If you have been living under the rear axle of a Ford 150 for the past three months, you probably haven’t noticed that the only subject in the news has been Iraq. For the rest of us non-axle dwellers, this has been all we have been fed by mainstream media. You almost would believe that nothing else is occurring except for the troubles in Iraq. How many times did you see mention of the Northern Ireland Peace Process breaking down on TV? Did you even know that there WAS a process to be broken down?

But, that’s only half of the problem. Although the cable news networks have been devoting 24/7 coverage of the Iraq crisis, they are doing a rather horrid job at it. The “story cycle” goes like this: (using WMD as an example only)

Story 1: Embedded Journalist locates POSSIBLE weapons find in Iraq.
Story 2: CENTCOM cannot comment on possible weapons find.
Story 3: CENTCOM can confirm that there is a possible weapons find.
Story 4: CENTCOM announces that the find was not weapons.

Not only is that list in chronological order, it’s in the order that the media networks “play” the story.

Aggregating allows the fourth story, which is JUST as important as the first, to get some much needed attention.

Call the mainstream’s practices what you will, but the truth is that it is a failure of modern journalism.

It’s this failure that has caused blogs on the left AND right to gain popularity. Doubt this? Take a look at the “hits” on the king of conservative aggregators, Matt Drudge.

Drudge proudly displays that his site has had 9.5 million hits in the last 24 hours, 192 million in the last month, and 1.3 billion in the last year. Granted, Drudge uses a sneaky practice called a meta refresh to boost these numbers (sit on his page long enough, and it will reload in your browser, allowing you to register another “hit”) But regardless, these numbers are just one example of how we are only getting 1/3 of the story from mainstream TV media. The far left and the far right? That’s up to us to find.


Monday, April 14, 2003

 
Technical Issue: Comments down again

It's the reason you are getting a signifigant number of error messages, or your page is loading slowly. Sorry folks, I'm contacting the provider

 
Syria: A Primer

In administration speeches, on the Sunday news shows, and in the papers, the rhetoric against Syria has begun.

To that respect, here’s a primer on Syria (stats from infoplease)

Government type: Republic
President: Bashar al-Assad
Prime Minister: Muhammad Mustafa Miro
Area: 71,498 sq. mi. (roughly the size of N. Dakota)
Population: 17,585,540
Capital: Damascus (pop: 1.5 million)
Largest cities: Aleppo (pop: 1.6 million), Homs (644,204); Latakia (306,535) Hama (229,000)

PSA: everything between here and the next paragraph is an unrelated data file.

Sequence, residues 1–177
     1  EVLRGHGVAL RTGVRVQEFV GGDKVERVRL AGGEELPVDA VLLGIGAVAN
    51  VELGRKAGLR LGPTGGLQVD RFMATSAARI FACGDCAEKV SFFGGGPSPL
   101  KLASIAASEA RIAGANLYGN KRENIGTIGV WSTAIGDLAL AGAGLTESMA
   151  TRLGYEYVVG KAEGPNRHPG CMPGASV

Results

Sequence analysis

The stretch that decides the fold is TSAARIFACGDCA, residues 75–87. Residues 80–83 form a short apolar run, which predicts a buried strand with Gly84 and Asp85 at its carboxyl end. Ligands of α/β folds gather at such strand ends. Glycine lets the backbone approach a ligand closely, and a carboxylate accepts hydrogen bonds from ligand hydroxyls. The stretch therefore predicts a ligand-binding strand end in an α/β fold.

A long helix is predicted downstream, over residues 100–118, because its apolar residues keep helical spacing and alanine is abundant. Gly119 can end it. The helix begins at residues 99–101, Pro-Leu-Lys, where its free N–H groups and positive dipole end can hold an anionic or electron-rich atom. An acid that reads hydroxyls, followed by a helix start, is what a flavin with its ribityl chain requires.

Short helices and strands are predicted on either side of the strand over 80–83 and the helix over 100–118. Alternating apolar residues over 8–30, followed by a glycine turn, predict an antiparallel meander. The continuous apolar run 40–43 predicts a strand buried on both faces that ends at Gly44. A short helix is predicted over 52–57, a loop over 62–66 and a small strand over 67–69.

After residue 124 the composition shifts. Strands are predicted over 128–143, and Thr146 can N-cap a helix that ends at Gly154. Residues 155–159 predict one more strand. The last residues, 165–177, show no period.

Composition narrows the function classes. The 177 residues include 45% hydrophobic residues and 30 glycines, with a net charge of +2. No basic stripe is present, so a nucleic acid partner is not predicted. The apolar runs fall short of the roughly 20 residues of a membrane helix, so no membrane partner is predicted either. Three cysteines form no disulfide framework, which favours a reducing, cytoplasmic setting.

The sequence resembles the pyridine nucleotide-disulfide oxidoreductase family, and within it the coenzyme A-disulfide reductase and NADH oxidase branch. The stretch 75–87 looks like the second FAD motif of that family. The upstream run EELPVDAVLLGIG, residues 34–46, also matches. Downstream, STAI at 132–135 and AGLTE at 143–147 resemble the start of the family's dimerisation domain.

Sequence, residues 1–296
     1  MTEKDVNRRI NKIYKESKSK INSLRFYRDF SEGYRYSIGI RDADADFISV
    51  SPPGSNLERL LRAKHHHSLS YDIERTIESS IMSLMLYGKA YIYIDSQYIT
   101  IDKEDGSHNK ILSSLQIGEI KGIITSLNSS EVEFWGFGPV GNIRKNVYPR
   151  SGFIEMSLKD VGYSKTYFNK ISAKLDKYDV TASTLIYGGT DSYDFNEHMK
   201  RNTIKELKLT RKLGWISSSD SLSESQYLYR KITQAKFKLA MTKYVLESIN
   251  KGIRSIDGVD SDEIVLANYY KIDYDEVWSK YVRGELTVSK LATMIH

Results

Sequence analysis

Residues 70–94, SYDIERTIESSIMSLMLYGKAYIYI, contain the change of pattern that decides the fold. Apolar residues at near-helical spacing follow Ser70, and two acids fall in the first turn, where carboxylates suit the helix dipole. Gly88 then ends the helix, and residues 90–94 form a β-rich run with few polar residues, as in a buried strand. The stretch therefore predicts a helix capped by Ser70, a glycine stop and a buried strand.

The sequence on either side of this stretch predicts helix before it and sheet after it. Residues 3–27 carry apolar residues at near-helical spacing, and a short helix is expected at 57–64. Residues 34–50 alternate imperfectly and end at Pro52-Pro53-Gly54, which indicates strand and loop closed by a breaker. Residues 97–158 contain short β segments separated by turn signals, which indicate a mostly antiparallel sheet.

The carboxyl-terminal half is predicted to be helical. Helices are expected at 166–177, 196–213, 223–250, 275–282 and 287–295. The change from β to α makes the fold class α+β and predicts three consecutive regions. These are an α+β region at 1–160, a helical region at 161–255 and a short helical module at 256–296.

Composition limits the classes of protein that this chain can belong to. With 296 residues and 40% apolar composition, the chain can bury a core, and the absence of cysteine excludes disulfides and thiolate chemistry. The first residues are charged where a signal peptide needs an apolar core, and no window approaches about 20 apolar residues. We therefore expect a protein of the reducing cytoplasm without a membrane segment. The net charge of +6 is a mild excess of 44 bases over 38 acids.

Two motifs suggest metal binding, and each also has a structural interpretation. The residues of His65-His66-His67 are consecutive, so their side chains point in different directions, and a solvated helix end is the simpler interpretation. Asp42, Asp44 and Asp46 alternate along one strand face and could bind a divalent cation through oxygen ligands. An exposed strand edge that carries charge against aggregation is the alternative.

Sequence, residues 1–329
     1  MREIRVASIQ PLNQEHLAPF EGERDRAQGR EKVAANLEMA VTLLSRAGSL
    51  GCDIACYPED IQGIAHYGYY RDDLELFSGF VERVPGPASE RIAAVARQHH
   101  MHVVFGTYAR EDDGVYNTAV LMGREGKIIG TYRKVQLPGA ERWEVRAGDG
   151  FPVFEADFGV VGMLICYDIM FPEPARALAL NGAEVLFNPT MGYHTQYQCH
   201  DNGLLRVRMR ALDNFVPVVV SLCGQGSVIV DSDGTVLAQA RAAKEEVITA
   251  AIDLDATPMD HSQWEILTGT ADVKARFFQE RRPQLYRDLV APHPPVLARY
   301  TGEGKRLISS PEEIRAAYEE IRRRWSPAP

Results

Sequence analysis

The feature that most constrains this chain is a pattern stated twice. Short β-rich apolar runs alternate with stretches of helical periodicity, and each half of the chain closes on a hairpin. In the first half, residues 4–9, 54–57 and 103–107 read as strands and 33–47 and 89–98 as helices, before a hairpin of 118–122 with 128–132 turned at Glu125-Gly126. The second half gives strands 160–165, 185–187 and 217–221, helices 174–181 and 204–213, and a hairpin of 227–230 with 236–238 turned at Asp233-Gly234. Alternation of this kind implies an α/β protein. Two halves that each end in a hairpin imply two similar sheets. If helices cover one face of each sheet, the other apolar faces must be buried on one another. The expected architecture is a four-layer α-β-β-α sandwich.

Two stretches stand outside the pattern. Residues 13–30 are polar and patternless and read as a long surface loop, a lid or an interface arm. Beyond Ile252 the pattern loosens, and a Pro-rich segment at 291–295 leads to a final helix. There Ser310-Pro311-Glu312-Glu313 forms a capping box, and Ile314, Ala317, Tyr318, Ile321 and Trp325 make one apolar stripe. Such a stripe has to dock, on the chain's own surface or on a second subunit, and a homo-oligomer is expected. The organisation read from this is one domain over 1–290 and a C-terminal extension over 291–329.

Religions: 90% Islam, 10% Christian


Axis of Evil Ranking™ (Determined by evilness factor/religion * oil reserves (to the third power) + Terrorism constant ) 5 or 6

Sunday, April 13, 2003

 
Nation at War: Obligatory “most wanted” cards post.

Seems many of my liberal blogging companions are worked up about this. I personally, don’t see an issue with it. Albeit morbid, poker cards to educate our troops has been an American “tradition” dating back to World War II, at least.

Back in the 40’s, the Government issued cards with silhouettes of aircraft, in order to educate the troops to learn friendly from foe. Honestly, this is no different. Could you be able to recognize Saddam’s number three henchman in a crowd of Iraqis? I couldn’t if he was at Sam’s Club. Poker cards just gives the troops something to do during the downtime.

Granted, I imagine there’s not a lot of down time going around, with fighting a war, looking for WMD, and policing the streets, but hey, I’m not over there. I don’t know.

I just wonder if Baghdad Bob is a Joker in the three joker deck. He sure as heck should be.







 
Tax Cuts: Go George!

I’ve heard it on our local talk radio channel enough, but didn’t believe it.

“George Voinovich is really a democrat in disguise.”
“George Voinovich is a damn liberal.”
“George Voinovich should be charged with treason.”
“George Voinovich is a communist.”
“George Voinovich blah blah blah blah blah”

Listening to this, I just said “whatever.” Figuring that the people of Ohio were just pissed off that he wasn’t conservative enough.

But as Senate GOP leaders struggled Thursday night to round up the votes to pass the compromise, they ran into stalwart opposition from two key moderate Republicans, Sens. George Voinovich of Ohio and Olympia J. Snowe of Maine. They remained committed to a tax cut of no more than $350 billion, and wanted assurances the reduction eventually worked out between the House and Senate would not exceed that amount.

Turns out, Mr. Voinovich just has a good head on his shoulders. He has the common sense to see that War Bill + Iraq rebuild bill + Tax Cuts = Fiscal irresponsibility.

Wanna know the nice thing about this? This state is so Republican, they won’t vote him out for this…because that would leave a *gasp* Democrat to replace him.

Now personally, I would have preferred to see zero in tax cuts, but with the leadership makeup that we have now, This really is as good as it was going to get.